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Accueil du site → Doctorat → États-Unis → 1999 → Energy and environment : A political ecology of woodfuels in Senegal

Michigan State University (1999)

Energy and environment : A political ecology of woodfuels in Senegal

Pires, E. Mark

Titre : Energy and environment : A political ecology of woodfuels in Senegal

Auteur : Pires, E. Mark

Université de soutenance : Michigan State University

Grade : Doctor of Philosophy (PhD) 1999

Résumé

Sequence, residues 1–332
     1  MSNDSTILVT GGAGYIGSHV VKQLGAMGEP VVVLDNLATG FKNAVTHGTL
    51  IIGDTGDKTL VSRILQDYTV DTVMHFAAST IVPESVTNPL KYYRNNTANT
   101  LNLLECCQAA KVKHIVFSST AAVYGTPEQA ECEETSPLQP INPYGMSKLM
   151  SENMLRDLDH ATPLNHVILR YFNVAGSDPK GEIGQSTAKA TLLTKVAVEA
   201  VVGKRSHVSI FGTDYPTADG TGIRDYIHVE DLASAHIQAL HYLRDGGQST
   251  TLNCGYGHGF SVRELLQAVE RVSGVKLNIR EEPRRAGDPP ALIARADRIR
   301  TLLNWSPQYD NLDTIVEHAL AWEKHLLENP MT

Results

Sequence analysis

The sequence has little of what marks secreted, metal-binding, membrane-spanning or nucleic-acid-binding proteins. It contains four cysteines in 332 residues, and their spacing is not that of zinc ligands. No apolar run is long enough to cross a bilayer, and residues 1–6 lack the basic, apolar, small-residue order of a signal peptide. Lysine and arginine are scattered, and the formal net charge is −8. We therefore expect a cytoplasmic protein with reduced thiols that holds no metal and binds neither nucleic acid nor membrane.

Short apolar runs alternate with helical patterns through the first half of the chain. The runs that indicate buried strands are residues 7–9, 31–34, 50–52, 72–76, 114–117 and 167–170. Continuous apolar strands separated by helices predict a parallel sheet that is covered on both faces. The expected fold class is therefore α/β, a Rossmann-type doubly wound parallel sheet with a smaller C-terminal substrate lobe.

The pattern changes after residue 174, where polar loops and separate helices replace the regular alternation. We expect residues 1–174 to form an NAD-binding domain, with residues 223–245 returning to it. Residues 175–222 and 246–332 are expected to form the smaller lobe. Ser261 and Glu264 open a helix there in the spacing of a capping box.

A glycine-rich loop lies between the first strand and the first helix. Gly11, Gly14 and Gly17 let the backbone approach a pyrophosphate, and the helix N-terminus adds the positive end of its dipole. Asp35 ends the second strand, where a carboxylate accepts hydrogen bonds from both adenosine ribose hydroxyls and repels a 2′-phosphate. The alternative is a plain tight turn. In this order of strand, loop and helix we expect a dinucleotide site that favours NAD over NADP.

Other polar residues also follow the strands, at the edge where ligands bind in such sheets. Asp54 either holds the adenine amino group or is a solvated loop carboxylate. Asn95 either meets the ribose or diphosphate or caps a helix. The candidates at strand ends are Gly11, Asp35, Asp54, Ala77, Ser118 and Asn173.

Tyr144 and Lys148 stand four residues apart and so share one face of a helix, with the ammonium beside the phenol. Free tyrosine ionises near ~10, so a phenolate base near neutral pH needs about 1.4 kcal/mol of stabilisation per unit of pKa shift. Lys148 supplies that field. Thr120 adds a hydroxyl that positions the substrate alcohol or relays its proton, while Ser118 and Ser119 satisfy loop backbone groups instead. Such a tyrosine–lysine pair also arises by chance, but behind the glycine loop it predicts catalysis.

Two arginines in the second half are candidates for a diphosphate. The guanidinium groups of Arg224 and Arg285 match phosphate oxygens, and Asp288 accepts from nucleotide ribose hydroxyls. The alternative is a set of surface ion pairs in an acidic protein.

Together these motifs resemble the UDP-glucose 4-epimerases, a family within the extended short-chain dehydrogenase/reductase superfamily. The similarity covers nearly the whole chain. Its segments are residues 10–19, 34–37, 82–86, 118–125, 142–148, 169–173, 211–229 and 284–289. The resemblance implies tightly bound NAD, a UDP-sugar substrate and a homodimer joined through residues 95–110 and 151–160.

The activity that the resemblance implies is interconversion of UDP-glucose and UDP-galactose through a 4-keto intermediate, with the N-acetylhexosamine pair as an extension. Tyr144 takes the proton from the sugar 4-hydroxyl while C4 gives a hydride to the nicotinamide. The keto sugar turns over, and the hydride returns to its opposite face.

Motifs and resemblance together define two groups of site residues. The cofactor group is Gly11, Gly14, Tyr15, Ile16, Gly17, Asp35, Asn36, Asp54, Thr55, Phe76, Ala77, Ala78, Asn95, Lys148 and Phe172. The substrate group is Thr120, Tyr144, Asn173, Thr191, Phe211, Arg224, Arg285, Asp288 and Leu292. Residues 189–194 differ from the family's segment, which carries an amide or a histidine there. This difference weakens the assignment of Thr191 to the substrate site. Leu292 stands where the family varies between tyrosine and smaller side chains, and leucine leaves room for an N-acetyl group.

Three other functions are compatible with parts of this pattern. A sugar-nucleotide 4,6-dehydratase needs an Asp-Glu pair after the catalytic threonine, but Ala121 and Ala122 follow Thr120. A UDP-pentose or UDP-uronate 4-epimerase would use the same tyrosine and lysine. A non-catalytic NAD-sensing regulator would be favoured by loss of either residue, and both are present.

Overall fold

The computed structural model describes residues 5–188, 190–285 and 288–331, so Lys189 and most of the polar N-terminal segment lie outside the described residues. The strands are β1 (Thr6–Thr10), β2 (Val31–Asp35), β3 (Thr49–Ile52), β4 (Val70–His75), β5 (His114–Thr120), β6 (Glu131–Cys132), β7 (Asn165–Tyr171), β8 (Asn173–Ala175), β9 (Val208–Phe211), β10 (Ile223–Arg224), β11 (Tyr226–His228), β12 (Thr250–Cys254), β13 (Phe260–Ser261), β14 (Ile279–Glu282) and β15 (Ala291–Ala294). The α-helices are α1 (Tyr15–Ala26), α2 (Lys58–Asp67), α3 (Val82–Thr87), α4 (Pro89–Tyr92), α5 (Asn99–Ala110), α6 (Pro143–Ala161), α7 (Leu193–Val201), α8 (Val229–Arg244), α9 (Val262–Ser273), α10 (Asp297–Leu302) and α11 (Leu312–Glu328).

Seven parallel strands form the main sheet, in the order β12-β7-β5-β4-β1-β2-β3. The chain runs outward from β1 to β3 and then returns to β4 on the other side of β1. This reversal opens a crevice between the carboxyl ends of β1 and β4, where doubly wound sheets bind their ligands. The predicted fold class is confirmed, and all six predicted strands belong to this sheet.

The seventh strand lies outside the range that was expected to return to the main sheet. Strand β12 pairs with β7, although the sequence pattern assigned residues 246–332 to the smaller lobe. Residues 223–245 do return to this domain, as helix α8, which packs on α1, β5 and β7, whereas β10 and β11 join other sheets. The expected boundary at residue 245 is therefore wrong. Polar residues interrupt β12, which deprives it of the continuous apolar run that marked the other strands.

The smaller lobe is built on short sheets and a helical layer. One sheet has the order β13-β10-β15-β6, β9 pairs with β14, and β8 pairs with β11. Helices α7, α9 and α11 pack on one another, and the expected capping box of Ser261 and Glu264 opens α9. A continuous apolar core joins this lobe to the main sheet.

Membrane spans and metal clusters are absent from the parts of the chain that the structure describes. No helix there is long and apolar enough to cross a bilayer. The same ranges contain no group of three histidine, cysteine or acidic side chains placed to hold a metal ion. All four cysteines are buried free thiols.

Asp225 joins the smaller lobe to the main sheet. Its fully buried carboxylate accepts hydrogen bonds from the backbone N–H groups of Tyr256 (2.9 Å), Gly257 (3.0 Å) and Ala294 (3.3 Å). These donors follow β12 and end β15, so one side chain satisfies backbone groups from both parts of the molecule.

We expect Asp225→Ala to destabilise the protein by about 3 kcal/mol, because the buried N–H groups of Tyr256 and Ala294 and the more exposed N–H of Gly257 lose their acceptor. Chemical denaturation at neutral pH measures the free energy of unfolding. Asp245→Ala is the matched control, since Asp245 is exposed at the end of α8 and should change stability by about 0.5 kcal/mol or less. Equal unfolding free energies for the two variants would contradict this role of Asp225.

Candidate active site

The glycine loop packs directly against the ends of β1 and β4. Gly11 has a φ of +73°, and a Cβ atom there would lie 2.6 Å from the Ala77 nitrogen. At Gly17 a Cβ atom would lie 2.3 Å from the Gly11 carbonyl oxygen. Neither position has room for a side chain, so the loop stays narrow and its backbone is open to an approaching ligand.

This study examines relationships between energy use and the exploitation of woodland natural resources in the West African nation of Senegal. As in many other countries in the developing world, the majority of the population in Senegal depend on woodfuels, i.e., firewood and charcoal, to satisfy most of their household energy needs. Consequences of this situation include added pressure on the country’s limited natural resource base, and increased socioeconomic hardship, particularly for women, as woodfuel resources become increasingly scarce. Woodfuel energy problems in developing countries are typically described in terms of an imbalance between supply and demand that is driven by rapid population growth. However, recent research suggests that a number of other factors should be explored in order to achieve a more thorough understanding of the relationship between woodfuel energy and forest resource management. This study attempts to determine what some of these factors are, and to explain how they inform the energy-environment situation in the case of Senegal. In addition, I examine the scope for addressing Senegal’s woodfuel problem through greater local community participation in managing energy and natural resources, a current thrust in many international initiatives designed to help the country cope with this persistent problem. A relatively new conceptual framework for the analysis of human-environment relationships---viz. political ecology---is employed in this study. I attempt to show how political ecology can contribute to the resolution of Senegal’s energy-environment dilemma by considering a more inclusive suite of social, economic, political, and environmental variables than has been explored by previous approaches. Findings from the research demonstrate the ability of the political ecology approach to capture many heretofore unexplored factors related to the energy-environment nexus in Senegal. A detailed matrix is generated that illustrates the complexity of issues surrounding the exploitation and management of woodfuel resources. In the context of one local rural community in central Senegal, an effort is made to show how these issues are interrelated and how they affect the possible outcomes of promoting community participation in natural resource management. Results of this study indicate that numerous obstacles stand in the way of implementing effective community-based initiatives designed to alleviate the country’s pressing energy-environment situation.

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